I've noticed that all of the usual examples have a 20 millisecond polling sleep in the main polling loop. Which raises the question: why 20 milliseconds?
In a long dead thread:
Nope. JInput is a polled API, you always have to poll it. If you want to do what you say, you could write a thread that polls the API and then calls in to your code on a listener interface, but it seems odd. Most games want control over the threading model, so polled APIs seem more acceptable to developers.
My initial reaction is, what kind of control do games want over the threading model? Java has had nice threading support for ages, and the recent 1.5 and later versions have nice synchronized queues. To me, the obvious model is to have the controller polling in one thread, the command/key/movement action in another, with a third thread for game motion and AI. (with usually another for painting the graphics)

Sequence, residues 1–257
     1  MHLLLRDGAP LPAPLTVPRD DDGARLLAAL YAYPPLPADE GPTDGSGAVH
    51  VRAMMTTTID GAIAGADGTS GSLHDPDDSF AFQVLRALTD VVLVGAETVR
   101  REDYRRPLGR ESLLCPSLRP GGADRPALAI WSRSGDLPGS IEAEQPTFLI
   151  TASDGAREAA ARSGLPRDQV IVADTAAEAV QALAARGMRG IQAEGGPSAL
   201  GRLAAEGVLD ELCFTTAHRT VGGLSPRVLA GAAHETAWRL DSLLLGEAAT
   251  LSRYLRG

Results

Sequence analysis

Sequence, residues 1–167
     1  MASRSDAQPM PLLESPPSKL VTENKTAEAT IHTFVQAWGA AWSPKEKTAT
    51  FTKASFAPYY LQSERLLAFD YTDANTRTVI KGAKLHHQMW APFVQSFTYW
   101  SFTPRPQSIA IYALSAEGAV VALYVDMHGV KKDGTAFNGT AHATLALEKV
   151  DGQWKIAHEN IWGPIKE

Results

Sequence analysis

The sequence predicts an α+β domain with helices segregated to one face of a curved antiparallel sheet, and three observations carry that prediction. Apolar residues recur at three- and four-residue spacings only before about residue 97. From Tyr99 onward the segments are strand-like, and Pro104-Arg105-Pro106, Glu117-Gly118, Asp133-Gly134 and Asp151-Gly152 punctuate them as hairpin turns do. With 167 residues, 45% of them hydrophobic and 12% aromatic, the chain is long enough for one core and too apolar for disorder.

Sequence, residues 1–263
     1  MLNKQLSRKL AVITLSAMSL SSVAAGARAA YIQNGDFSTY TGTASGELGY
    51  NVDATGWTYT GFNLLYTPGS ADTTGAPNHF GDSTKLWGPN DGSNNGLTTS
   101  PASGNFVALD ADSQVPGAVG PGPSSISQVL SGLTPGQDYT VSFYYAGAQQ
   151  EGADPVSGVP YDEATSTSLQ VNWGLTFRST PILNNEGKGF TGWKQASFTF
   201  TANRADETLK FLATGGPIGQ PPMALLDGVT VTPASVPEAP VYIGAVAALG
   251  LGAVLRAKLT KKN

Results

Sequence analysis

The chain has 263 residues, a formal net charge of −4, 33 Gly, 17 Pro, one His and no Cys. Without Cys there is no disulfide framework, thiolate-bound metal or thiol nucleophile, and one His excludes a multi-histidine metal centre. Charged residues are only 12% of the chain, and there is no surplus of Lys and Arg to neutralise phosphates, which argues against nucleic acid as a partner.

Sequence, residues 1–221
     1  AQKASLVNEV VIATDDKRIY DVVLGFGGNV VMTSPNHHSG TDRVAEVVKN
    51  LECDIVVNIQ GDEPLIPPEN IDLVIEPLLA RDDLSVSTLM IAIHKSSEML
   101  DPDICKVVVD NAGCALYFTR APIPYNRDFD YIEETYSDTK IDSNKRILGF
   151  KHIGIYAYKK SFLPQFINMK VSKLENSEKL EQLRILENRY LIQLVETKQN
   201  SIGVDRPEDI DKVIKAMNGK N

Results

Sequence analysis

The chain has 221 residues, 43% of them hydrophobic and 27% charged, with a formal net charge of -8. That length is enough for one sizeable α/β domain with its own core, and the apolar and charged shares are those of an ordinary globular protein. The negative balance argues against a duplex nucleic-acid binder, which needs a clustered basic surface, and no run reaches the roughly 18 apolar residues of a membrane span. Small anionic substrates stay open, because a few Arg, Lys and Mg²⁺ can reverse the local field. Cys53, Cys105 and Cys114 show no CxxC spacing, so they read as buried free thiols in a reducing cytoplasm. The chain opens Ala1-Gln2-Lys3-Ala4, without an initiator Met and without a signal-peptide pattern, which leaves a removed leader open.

What is the reason that folks don't implement it this way? Is it technical? or historical?
Are there known problems with putting the polling loop in a separate thread?